My Tentative Process of Ranking NBA Players

Ranking players, especially in the widespread arbitrary sense by which most instances occur, essentially has no practical value. But that’s because “player ranking” is often treated as a self-contained thing that looks inward of the result, disregards the implications value-systems have on the processes of team-building and assigning market values. Therefore, while the “result” (a list) of player ranking doesn’t matter for any reason which concerns the on-court product of a basketball game, it serves as an infamous source of entertainment value. Player ranking allows people on the internet to gain or lose their self-esteem vicariously through the quality of their basketball opinions, and thus the human instinct makes the performances all the more memorable.

The “Non-Ideal” Theory of Player Ranking

Basketball does not occur in a vacuum, nor should it as the product of systems within systems. However, the systems of the game impose more boundaries; if the ideal benchmark of a player’s value is his “intersystemic” efficacy, that is what he provides across a variety of systems, there is little room for an intelligible process. Thus, ranking players in this fashion involves to some degree the need to play god, to transpose instances upon others with limited bites of data. Namely, our ideas concern the “non-ideal” axioms we may invoke to provide rigidity in the process, to avoid incoherence. Perhaps there is meaning in working with such limited measuring sticks, encouraging collaboration and the expansion of our worldviews. So, in this post, let us set up a version of a player ranking process that emphasizes a player’s intersystemic value.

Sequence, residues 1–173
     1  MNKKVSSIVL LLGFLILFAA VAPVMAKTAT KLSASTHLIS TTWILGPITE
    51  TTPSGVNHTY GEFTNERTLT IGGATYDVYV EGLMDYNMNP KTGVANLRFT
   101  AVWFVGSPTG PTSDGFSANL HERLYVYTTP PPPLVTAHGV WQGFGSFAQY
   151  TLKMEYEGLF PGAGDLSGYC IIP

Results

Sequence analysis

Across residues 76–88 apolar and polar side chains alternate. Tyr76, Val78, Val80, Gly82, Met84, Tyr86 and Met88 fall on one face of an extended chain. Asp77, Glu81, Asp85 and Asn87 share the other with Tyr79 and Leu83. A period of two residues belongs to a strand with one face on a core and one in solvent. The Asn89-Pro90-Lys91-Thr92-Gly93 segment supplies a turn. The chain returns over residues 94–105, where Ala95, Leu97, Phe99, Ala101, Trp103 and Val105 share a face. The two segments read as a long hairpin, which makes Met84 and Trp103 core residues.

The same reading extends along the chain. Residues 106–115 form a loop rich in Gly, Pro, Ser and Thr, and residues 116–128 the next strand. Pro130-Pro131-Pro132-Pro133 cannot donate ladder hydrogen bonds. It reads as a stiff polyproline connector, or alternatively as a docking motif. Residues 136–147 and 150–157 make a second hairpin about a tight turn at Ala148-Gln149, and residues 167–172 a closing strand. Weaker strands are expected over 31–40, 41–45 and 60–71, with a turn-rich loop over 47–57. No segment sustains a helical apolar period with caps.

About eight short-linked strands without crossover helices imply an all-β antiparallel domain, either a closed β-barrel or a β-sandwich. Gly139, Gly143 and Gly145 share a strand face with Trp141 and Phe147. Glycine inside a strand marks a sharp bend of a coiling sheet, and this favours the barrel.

The actions of players (parts), in conjunction with decision-making from non-player members of an NBA franchise, positively affect the team (system) by contributing toward the underlying mechanism that wins basketball games: scoring as many points as possible on offense and saving as many points as possible on defense within the time/space constraints of a typical game. The intrinsic difficulty in untangling the process of possessions stems from the degree to which actions are intertwined and indistinguishable among parts, meaning to continue with the task requires an observable number of finite dimensions in which decisions and the ensuing actions occur. From such emerges the models of possessions and practical applications of playbooks, which exist as sets of premeditated actions that describe patterns in players’ actions and their interactions with other players. (Major signs of caution are advised to remain aware of whether or not we censor certain information.)